Beijing tightens online censorship
by John Ai

The new rules will come into effect in August. Web service providers will display users’ IP addresses and the geographic location of online posts. Authorities will also impose harsh restrictions on data flowing abroad. China’s largest academic journal database is under state security inspection. 



Rome (AsiaNews) - Chinese authorities have published new regulations on internet censorship that aim to reveal the identity of users and prevent the flow of data outside China. They are the latest efforts by the government to tighten online control in the name of state security.

A new regulation released by the Cyberspace Administration of China requires web users to provide their true personal information when signing up for accounts for web services, including job occupation, while the internet service providers must disclose users’ IP addresses. In addition, when registering new accounts that create content in specific professions such as economy, education, medical service and law, the users must provide professional certificates. The new regulation comes into effect in August.

The Cyberspace Administration of China oversees the affairs of the Internet, propaganda and censorship, and it owns the China Internet Investment Fund, which has ownership stakes in major technology firms, involving areas of digital infrastructure, social networks, artificial intelligence, and big data, etc.

With China’s slack economic growth, authorities have reinforced the censorship on the economic agenda and worry the economic issues may impact social stability. Economists’ pessimistic analyses and forecasts are targets of censorship. Major Chinese social networks have begun displaying users’ geographical locations since May.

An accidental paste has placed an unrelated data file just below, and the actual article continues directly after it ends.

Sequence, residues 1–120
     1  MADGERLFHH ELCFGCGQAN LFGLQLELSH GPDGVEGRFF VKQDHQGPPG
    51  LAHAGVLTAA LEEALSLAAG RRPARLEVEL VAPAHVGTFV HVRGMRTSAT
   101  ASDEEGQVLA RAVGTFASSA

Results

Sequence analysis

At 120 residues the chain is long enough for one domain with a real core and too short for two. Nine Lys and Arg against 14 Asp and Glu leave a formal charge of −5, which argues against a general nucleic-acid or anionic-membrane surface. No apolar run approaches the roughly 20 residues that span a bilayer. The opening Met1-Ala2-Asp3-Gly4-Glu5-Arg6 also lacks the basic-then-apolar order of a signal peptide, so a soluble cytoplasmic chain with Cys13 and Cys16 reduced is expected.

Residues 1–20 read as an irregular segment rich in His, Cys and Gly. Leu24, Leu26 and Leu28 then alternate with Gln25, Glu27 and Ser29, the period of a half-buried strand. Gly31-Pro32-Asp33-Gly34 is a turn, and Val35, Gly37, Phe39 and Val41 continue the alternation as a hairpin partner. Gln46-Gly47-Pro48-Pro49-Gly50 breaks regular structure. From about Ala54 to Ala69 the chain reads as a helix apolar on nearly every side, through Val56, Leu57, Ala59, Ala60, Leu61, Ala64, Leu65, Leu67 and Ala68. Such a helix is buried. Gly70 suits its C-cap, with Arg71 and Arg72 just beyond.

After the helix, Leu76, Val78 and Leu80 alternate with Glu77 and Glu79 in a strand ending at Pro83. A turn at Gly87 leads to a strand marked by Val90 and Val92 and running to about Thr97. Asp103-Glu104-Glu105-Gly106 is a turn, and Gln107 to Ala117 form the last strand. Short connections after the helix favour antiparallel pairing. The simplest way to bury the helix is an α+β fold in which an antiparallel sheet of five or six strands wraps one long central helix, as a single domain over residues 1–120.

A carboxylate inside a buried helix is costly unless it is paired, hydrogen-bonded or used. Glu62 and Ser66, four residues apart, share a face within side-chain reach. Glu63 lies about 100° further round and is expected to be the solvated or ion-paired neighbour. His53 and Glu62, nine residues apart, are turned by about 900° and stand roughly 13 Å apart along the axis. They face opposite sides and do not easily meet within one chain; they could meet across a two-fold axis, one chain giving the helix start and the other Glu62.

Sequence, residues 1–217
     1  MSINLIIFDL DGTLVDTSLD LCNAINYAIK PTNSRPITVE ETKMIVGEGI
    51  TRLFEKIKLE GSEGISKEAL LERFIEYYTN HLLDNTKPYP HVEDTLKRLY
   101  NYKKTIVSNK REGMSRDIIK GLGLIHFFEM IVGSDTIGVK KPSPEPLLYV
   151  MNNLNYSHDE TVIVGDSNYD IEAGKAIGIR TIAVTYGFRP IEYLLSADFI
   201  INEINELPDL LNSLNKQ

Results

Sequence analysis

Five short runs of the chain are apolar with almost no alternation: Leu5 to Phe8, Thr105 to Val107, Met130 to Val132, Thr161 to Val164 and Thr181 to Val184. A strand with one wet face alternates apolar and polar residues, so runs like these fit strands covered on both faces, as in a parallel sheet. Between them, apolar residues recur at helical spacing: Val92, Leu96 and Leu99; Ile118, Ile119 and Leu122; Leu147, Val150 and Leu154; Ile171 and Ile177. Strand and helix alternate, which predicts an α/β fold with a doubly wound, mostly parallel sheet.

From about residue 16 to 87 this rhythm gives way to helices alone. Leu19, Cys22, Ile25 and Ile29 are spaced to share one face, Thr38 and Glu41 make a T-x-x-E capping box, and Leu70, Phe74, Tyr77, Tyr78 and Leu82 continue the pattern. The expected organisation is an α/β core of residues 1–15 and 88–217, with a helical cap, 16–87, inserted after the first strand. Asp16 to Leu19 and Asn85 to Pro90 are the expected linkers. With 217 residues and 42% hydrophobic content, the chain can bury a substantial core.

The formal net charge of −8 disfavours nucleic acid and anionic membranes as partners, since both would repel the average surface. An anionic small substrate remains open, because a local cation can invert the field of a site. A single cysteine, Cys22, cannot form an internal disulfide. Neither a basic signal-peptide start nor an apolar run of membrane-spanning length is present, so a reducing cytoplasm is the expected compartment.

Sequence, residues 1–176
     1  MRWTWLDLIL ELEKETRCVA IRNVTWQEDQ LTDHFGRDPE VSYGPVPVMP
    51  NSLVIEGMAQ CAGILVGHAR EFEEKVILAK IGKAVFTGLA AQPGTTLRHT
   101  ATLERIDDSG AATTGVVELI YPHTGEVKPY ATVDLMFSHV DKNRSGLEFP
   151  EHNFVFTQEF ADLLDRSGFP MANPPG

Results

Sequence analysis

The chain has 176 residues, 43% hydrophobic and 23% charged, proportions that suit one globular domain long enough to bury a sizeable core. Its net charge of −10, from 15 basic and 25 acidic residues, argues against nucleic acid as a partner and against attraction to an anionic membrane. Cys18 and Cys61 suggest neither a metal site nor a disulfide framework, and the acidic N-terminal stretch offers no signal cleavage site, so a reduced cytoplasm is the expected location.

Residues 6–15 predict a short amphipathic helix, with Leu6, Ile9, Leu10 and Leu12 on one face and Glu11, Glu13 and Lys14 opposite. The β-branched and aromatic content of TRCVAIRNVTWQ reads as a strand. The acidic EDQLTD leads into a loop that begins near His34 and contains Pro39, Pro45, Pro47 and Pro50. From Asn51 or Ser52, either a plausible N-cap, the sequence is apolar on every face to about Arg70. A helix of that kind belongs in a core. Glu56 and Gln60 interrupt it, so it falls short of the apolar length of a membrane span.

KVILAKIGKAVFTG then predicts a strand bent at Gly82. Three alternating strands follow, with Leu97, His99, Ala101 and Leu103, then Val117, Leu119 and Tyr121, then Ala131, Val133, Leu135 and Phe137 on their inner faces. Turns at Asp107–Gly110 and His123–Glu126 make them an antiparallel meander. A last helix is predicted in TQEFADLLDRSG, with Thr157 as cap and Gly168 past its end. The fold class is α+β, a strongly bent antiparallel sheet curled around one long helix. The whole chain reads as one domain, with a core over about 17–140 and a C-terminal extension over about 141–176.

Deliberate typos, homonyms, symbols and English letters are usually used by Chinese netizens in sensitive posts to circumvent censorship. The new regulation also forbids such conduct.

Real name registration for social networks has been in effect for years, and users are asked to provide ID number and phone number to sign up for a new account. Recently, China’s Ministry of Industry and Information Technology released an online portal to allow users to look up how many accounts of social networks are associated with their phone number and ID number. At the moment, 11 most used apps are connected to the system and it is expected more services will join this system. The system indicates that cross-platform censorship is possible the authorities have the capability to close a user’s all accounts on different social media at the same time if necessary.

Another regulation requires the service providers that transfer users’ personal information or “important data” abroad to report to the government for security evaluation. The regulation does not define the scope of “important data”. Analysts say that the new regulation may impose a new challenge for multinational companies for IT structure and additional costs to store the data in China.

China has already tightened the restriction on companies that planned to launch on the foreign stock exchange since last year as foreign companies listed on US exchanges are mandated to disclose more information to meet the auditing requirements. Forced by state security investigation from Chinese authorities, China’s leading car-hailing service Didi quit the New York Stock Exchange.

Currently the academic area is targeted by state security inspection. China’s largest academic journal database, China National Knowledge Infrastructure (CNKI) has been under scrutiny by the Cyberspace Administration of China since the end of June. The announcement of the Cyberspace Administration of China claimed that CNKI has important data in key industries and dynamics of the latest technology.